Plastic bullet statistics raise serious concerns
PFC | 01 March 2002
The Derry based Pat Finucane Centre has called on the Policing Board to explain why the PSNI now has 69,148 plastic bullets in its arsenal, twice as many as have been fired in the last twenty years. The statistics also reveal that 122,320 plastic bullets have been purchased since publication of the Patten report. The PFC statement comes following the release of new statistics in a parliamentary reply. The same statistics reveal that the RUC purchased almost 368,000 plastic bullets between 1995 and 2000. In the same period some 11,000 were fired according to Hansard. According to the centre this leaves a surplus of almost 357,000 at an average unit cost of just under £7 per bullet. This represents an overspend of almost two and a half million pounds.
"In the year 2000 the RUC claim that 22 were fired yet 76,320 were purchased. The previous year 111 were fired so they can hardly argue that stocks were low. In fact in 1999 50,400 were purchased. Even allowing for training purposes or the reported 'short shelf life' of these weapons these figures simply don't add up. The Hansard reply tells us that the PSNI currently holds a stock of 69,148 of which 7,200 are for training purposes. If the Policing Board is serious about creating confidence in new policing structures then a ban on plastic bullets should be the immediate priority."
"At a time when the Board should be urging a non-lethal alternative to these child killers the PSNI is stockpiling enough plastic bullets for decades to come. The Board ultimately carries the responsibilty for this.The nature of the relationship between the RUC/PSNI and the firm which supplies these weapons should be the focus of an financial audit."
The statistics also reveal that 122,320 plastic bullets have been purchased since publication of the Patten report which called for urgent research into alternatives to this lethal weapon. One of the last acts of the now defunct Police Authority in November 2001 was to purchase a further 50,000 plastic bullets to deflect, in advance, criticism from the new Police Board. In June 2001 a new, more lethal version was introduced despite a scientific report which admitted that the newer version could become 'embedded' in the skull if fired head-on.
See full Hansard replies below (Hansard is the offical record of the british House of Commons Debates)
Mr. McNamara: To ask the Secretary of State for Northern Ireland, pursuant to his answer of 9 January 2002, Official Report, column 878W, how many plastic baton rounds are held for training and potential use by the PSNI. 
Jane Kennedy: The Chief Constable has advised me that the current stock of plastic baton rounds is 69,148 of which 7,200 are currently held by PSNI Firearms Training.
Mr. McNamara: To ask the Secretary of State for Northern Ireland how many (a) rubber and (b) plastic bullets have been used since their introduction; how many have been purchased in each year and at what cost; and how many have been purchased since publication of the Patten report and at what cost.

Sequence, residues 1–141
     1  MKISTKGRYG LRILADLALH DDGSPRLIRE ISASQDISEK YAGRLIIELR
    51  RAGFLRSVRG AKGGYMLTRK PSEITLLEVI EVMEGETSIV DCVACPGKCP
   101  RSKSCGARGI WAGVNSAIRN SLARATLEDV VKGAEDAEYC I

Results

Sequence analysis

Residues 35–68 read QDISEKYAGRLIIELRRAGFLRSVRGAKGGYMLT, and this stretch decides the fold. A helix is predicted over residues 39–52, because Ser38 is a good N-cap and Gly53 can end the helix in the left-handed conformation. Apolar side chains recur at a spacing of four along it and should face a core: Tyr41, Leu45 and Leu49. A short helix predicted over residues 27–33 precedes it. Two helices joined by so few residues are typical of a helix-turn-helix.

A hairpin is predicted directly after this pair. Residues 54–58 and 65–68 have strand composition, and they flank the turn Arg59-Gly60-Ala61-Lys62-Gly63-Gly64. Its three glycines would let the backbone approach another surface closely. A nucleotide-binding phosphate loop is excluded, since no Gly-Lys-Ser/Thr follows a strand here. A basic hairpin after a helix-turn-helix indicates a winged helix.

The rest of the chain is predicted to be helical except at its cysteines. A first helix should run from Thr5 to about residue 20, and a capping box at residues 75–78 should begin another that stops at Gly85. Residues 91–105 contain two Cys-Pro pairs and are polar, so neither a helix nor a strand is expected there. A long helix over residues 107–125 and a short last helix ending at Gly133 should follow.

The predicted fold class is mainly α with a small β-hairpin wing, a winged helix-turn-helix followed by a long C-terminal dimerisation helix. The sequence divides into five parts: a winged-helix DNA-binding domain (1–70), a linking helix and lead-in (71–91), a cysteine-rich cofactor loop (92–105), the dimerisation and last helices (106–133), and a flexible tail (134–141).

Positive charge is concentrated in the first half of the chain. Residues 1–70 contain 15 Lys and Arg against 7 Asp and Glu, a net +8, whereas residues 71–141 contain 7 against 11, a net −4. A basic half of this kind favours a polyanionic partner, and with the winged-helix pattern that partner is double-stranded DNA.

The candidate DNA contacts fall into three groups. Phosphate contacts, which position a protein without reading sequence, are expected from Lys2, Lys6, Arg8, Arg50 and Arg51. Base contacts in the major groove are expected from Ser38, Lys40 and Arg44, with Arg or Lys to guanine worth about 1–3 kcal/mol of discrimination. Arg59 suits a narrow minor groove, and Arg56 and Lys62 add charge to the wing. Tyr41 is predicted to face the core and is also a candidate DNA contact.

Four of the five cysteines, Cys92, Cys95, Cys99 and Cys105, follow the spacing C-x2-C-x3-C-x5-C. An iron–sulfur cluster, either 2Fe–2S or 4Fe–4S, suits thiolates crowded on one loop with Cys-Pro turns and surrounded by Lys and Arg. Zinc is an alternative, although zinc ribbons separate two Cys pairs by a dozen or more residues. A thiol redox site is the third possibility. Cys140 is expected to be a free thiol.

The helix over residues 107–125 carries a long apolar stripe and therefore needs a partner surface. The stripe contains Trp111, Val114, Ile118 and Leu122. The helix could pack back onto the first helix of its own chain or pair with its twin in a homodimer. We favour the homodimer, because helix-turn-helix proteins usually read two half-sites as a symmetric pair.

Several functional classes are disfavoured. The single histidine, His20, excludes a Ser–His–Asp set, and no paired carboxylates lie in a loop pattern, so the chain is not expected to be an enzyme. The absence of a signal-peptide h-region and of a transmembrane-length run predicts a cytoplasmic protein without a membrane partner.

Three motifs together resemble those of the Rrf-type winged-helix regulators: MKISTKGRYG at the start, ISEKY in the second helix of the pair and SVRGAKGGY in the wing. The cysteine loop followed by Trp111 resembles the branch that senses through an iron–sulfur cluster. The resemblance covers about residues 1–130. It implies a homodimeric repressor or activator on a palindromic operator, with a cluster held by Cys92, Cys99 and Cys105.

Jane Kennedy: The tables give details of the number of baton rounds used by the police, since separate police recording began in 1981.
Police use of baton rounds
2001 (21 November)
The Chief Constable has informed me that details of the costs in relation to the purchase of baton rounds, and the number purchased prior to 1995, are not readily available and could be provided only at disproportionate cost. The following table gives details of the number of baton rounds purchased by the Royal Ulster Constabulary each year from 1995:
Baton rounds purchased by police
Since publication of the Patten Report the Royal Ulster Constabulary has purchased 122,320 baton rounds, and to date the Police Service of Northern Ireland has not purchased any baton rounds.
9 Jan 2002 : Column: 879W
Mr. McNamara: To ask the Secretary of State for the Home Department, pursuant to his answer of 19 November 2001, Official Report, column 92W, on baton rounds, how many plastic baton rounds have been procured in each year since 1981 by each of the 36 police forces in England and Wales and three non-Home Office forces; and what the annual cost of such procurement for each force was. 
Mr. Denham: I have accepted the advice of the Association of Chief Police Officers that the disclosure of this information, on an individual force basis, would be prejudicial to operational effectiveness.
23,090 baton rounds were purchased by Home Office and non-Home Office forces in 2000, at a total cost of £157,474; and 25,500 in 2001 at a total cost of £173,910. Information for previous years is not readily available.
Police: Baton Guns
Lord Lester of Herne Hill asked Her Majesty's Government:
What arrangements have been made for the issue of less-than-lethal ammunition to the police service in England and Wales; and what is the availability of such ammunition at present. [HL1997]
Lord Rooker: The only less lethal option which requires ammunition is the baton gun. Currently 36 police forces in England and Wales have a baton gun capability and a further three non-Home Department forces are similarly equipped. This figure will increase to 45 forces by April 2002 when the manufacturer has supplied further baton guns.